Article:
Longevity Insurance = Deferred Income Annuity
I was recently speaking to a client who has numerous relatives in their mid-90s to early 100s. We all pray for good health and long lives, but sometimes, we do not consider the potential financial ramifications of living so long. Many people buy life insurance to provide funds for their loved ones in case they die prematurely. Therefore, the opposite of life insurance is longevity insurance, which provides funds for you to spend in case you live too long. Various annuities can provide lifetime income, but an interesting type of longevity insurance is called a Deferred Income Annuity (DIA). DIAs have been growing in popularity since they were first introduced in 2011.
Buying Peace of Mind:
I recently obtained DIA quotes for a 66-year-old female client. She has enough money to be comfortable for the next 20-25 years, but what if she lives well into her 90s or beyond? Medical breakthroughs in the next 20 years make this more likely than many people realize. We looked at a plan where my client could put $100k into a deferred income annuity, which will not make any payments for 20 years. If she dies during the 20-year period, the money is gone. In other words, there is no account value or death benefit. So far this sounds lousy, right? Here’s the good part of longevity insurance: After 20 years (at age 86), the annuity starts paying out almost $49k per year for the rest of her life. Knowing this income stream will kick in enables her to spend more during the “go go” years of retirement, without worrying about running out of money later.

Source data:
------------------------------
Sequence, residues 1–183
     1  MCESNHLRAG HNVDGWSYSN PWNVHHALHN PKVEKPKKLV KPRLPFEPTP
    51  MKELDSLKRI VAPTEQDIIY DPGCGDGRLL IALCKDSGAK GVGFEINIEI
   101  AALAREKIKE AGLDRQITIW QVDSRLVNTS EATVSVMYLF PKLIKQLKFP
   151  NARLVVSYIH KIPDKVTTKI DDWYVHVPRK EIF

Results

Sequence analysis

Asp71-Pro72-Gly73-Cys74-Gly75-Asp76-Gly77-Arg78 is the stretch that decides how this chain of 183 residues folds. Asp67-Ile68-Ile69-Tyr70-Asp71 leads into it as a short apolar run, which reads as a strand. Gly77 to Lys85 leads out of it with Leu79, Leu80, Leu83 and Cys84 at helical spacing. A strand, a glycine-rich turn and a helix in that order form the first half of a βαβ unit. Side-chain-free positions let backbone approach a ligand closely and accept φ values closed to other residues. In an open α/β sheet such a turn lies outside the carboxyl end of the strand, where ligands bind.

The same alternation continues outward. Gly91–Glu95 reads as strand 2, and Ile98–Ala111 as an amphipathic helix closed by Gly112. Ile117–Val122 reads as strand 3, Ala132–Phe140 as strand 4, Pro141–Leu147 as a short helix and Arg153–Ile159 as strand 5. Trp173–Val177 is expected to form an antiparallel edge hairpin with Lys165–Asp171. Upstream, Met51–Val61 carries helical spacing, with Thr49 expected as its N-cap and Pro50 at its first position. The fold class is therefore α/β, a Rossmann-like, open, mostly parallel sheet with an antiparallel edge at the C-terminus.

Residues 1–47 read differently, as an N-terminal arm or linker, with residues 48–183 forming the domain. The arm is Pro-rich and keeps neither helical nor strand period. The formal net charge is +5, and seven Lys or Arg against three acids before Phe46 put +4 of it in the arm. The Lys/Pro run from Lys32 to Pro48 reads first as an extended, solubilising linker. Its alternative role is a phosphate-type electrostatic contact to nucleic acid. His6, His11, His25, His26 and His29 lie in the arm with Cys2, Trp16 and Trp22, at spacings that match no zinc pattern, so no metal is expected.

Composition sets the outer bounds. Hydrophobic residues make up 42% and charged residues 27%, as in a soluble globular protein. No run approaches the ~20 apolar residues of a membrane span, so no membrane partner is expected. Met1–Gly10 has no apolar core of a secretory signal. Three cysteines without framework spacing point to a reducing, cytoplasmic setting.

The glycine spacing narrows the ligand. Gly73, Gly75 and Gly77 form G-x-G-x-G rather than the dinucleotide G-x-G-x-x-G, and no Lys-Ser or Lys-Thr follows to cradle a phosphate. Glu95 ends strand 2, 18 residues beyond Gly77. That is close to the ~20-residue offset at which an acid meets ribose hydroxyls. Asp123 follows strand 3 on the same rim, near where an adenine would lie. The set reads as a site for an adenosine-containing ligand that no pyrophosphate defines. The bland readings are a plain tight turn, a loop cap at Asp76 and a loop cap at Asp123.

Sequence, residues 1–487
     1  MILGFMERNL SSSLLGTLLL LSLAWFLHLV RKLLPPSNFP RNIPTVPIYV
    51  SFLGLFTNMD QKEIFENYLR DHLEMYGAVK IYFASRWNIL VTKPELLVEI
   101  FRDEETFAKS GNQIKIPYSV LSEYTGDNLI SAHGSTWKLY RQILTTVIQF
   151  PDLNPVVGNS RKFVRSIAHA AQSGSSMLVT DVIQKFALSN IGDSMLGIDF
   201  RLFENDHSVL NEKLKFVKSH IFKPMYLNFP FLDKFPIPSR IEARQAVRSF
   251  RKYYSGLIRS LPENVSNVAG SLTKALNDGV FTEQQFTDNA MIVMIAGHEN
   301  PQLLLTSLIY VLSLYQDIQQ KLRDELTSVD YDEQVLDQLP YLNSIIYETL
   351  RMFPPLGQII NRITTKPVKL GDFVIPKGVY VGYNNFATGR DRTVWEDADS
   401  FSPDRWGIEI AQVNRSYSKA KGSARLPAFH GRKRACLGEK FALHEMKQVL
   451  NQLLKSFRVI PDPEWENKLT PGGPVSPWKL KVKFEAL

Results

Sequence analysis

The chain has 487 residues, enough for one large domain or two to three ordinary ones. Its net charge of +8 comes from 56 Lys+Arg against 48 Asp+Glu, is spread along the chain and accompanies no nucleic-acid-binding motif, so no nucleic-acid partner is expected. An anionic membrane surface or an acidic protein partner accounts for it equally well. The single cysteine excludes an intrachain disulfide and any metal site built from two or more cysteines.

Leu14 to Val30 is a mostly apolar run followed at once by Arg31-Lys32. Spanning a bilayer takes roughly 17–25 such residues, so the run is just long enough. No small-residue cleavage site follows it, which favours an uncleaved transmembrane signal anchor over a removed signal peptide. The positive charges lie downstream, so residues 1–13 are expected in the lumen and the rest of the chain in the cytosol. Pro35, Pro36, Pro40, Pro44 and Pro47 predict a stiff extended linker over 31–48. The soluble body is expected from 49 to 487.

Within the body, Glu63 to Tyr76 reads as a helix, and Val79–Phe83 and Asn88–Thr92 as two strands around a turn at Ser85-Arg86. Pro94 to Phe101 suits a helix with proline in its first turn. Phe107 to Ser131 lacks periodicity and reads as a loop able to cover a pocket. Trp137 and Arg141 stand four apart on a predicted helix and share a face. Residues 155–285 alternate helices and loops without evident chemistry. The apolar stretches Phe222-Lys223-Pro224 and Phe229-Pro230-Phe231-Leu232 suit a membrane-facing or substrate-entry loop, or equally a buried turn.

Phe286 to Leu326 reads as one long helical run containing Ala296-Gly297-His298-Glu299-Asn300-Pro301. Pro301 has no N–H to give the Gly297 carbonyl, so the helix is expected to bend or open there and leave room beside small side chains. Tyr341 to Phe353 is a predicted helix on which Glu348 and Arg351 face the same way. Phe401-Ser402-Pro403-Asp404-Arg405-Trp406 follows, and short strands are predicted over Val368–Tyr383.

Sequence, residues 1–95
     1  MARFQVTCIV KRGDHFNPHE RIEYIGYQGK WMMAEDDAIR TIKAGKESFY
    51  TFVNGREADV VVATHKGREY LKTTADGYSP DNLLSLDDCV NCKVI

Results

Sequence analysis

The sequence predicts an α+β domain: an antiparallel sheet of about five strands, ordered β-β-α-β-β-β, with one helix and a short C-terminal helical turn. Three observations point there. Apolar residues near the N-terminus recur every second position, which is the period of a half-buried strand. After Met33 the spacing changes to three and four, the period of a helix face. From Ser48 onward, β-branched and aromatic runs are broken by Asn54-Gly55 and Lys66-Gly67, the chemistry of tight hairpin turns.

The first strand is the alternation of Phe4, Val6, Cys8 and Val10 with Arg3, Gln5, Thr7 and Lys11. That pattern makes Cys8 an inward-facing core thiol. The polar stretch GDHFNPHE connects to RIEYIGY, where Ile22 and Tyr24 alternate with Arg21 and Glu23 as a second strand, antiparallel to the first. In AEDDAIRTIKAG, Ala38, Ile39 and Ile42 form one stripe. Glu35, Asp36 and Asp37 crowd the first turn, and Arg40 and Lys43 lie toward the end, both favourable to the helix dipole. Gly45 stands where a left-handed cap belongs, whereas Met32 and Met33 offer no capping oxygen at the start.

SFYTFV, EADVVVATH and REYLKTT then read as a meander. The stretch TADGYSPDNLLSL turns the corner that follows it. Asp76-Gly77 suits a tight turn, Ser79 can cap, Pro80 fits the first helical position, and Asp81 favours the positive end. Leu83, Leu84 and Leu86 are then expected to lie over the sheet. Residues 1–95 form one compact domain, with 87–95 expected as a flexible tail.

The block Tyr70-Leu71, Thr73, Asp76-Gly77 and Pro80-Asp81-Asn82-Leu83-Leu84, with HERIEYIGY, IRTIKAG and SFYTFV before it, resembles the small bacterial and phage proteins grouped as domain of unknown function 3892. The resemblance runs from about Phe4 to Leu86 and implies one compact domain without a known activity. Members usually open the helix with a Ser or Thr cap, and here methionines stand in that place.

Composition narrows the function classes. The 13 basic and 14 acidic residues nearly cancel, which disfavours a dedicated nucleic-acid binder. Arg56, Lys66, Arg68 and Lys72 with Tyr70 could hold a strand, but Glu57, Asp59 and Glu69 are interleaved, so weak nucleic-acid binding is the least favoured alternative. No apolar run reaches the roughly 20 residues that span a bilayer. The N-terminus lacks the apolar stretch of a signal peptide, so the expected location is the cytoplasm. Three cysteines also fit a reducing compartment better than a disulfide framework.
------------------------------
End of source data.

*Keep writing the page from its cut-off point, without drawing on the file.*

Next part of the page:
Using Your IRA to Buy Longevity Insurance:
Let’s add one more wrinkle. Some people do not need (or want) the Required Minimum Distributions from their IRAs that they must take starting at age 70½. On July 1, 2014, the IRS and US Treasury put new regulations in place, which enable individuals to use up to 25% of their qualified assets (IRAs and 401ks) up to a maximum of $125k to purchase qualified DIAs. The funds in the DIA are exempt from required minimum distributions until the annuity starts its payout phase. This enables people to continue to defer taxes on IRA money and prepare for longer life expectancies. DIAs purchased with IRA funds are known as Qualified Longevity Annuity Contracts (QLAC).
Higher Payouts Than Immediate Annuities:
Deferred Income Annuities offer significantly higher payouts than immediate annuities. Let me share an example I found on AnnuityFYI. A 60-year-old male could invest $100,000 in a DIA with payments that start at age 80. The DIA would pay out $42,000 per year, starting at age 80, for the rest of his life. This means he would receive $630,000 by age 95 from his original $100,000 investment.
Suppose he decided to put the $100,000 in a conservative investment earning 3% for the 20 years. The $100,000 would have grown to $180,000 after 20 years. If he invested $180,000 in an immediate annuity at age 80, his payment would only be about $18,000 per year. So, he receives an additional $270,000 in income by age 95 by using the DIA. (NOTE: The numbers used were accurate at the time the quotes were run for the AnnuityFYI article, but could have changed a bit since then).
Who are the Best Candidates for a Deferred Income Annuity?
A DIA can be a prudent investment for someone in great health who has a history of family longevity. You can purchase this type of longevity annuity at almost any age and select a deferral period based on your own needs. Most buyers of these annuities are in their mid-50s to mid-60s at the time of purchase. I would never envision investing more than a small amount of a person’s overall net worth in this type of annuity due to the product’s inflexible nature. However, for the right individual, this type of insurance can be very compelling.
NOTE: A deferred income annuity is based on the claims-paying ability of the insurer, so it is imperative to make sure that you only consider highly rated carriers.
For more on this topic, check out: Understanding Deferred Income Annuities
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